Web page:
ROMEO account sign-up:

  • Create a ROMEO Account.
  • Click Register.

  • Fill in the required information and click the Register button.

  • You will receive an email with a link to enter a new password.

  • Once you create a new password, log into ROMEO to start your application.

If you encounter any problems or need help with ROMEO, please email research.ethics.board@sait.ca.

The Research Ethics Board (REB) meets on the last Monday of each month, with the exception of July and August. Applications are not reviewed in July or August and any applications received after the June submission deadline will be held over to the September meeting. Your application must be submitted two weeks before the monthly meeting to allow adequate time for review. As per the SAIT Research Requiring Ethics Review Procedure AC 4.4.1, the REB shall make a decision no more than 45 days from the receipt of a properly completed application.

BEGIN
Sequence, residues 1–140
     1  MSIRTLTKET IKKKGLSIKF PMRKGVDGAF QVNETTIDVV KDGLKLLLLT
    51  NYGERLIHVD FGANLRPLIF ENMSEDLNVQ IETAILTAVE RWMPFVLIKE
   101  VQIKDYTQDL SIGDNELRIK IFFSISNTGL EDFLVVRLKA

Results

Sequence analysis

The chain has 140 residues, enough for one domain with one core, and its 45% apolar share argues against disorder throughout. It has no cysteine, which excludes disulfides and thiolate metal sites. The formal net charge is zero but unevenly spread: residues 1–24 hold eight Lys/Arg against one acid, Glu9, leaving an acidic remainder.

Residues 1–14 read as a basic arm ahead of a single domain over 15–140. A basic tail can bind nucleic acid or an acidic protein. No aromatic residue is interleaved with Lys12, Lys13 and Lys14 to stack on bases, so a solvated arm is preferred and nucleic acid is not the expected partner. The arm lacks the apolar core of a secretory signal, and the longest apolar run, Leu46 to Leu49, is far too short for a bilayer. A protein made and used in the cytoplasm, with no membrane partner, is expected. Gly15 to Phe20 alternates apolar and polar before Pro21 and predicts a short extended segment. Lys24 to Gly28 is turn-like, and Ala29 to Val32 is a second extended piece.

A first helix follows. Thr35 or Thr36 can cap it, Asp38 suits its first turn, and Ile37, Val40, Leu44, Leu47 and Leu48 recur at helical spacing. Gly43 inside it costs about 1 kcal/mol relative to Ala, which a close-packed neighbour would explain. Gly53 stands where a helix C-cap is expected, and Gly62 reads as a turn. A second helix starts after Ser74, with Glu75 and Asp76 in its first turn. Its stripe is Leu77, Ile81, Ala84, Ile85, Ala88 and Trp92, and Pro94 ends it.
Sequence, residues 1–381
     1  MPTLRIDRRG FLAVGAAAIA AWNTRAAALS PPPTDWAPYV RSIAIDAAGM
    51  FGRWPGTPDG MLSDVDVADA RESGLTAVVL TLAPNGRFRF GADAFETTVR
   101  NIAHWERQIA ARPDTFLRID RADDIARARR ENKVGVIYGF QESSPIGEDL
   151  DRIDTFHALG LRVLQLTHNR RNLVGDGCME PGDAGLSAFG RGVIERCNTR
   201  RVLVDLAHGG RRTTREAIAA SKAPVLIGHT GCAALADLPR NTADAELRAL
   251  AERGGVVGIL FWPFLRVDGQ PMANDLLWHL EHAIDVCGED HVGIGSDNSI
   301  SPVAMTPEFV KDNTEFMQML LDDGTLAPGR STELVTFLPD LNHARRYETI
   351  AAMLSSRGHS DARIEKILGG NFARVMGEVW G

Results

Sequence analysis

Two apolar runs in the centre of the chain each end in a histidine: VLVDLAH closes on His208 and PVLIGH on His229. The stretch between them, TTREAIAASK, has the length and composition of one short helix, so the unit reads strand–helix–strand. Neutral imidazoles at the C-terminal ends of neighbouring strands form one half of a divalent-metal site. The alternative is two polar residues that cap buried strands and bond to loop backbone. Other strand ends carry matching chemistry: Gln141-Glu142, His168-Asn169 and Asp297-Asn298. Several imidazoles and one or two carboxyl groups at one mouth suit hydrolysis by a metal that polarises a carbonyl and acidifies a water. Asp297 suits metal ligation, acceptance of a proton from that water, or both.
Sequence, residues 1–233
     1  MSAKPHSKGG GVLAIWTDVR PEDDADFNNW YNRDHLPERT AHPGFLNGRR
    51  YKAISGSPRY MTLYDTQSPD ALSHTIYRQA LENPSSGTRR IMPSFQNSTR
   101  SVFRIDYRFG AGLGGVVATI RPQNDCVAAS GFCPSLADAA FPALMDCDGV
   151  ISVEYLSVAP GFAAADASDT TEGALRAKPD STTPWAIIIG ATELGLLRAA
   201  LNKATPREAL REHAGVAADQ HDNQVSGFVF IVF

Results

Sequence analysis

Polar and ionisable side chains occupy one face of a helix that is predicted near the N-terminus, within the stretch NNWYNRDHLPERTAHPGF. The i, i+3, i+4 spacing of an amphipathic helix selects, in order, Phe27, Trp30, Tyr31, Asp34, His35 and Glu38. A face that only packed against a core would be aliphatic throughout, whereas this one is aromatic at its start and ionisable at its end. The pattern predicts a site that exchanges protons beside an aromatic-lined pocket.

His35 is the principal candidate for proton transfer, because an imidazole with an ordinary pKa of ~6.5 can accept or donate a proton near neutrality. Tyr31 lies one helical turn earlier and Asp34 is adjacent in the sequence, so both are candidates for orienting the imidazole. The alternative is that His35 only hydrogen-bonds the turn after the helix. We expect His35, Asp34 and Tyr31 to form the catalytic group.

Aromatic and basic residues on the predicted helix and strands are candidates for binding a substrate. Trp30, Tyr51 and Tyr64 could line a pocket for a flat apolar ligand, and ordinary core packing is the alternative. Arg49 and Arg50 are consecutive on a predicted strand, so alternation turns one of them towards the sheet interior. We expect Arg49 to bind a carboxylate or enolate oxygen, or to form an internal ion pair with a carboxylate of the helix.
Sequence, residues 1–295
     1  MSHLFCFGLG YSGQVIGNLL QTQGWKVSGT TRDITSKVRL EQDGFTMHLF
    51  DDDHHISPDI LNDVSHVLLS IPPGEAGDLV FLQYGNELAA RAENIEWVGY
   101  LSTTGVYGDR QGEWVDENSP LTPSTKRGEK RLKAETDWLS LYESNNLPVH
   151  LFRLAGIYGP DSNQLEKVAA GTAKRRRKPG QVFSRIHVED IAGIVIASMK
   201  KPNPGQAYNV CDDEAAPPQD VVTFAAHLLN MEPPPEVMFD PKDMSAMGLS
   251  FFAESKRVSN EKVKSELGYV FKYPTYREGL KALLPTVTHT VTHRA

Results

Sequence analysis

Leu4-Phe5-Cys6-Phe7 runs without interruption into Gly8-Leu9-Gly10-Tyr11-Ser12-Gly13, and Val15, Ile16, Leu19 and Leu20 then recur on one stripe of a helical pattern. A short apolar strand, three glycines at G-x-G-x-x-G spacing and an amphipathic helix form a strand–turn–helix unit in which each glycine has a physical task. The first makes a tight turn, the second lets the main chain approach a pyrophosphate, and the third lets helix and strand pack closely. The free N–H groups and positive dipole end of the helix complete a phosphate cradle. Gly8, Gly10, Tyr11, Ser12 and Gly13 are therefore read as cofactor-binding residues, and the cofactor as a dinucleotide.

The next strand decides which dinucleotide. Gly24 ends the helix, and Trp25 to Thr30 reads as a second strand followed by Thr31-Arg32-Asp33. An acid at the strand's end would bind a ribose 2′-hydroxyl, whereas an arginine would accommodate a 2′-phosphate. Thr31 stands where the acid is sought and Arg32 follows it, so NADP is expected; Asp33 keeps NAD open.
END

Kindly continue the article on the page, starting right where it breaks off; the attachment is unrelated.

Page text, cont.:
Proposal submission deadlines Research Ethics Board meeting dates
Sep 9, 2022 Sep 26, 2022
Oct 7, 2022 Oct 24, 2022
Nov 11, 2022 Nov 28, 2022
Nov 25, 2022 Dec 12, 2022
Jan 13, 2023 Jan 23, 2023
Feb 10, 2023 Feb 27, 2023
Mar 10, 2023 Mar 27, 2023
Apr 7, 2023 Apr 24, 2023
Apr 28, 2023 May 8, 2023
May 26, 2023 Jun 12, 2023
Jul (no meetings) Jul (no meetings)
Aug (no meetings) Aug (no meetings)
Sep 8, 2023 Sep 25, 2023
Oct 13, 2023 Oct 23, 2023
Nov 10, 2023 Nov 27, 2023
Nov 24, 2023 Dec 11, 2023
Jan 12, 2024 Jan 22, 2024
Feb 9, 2024 Feb 26, 2024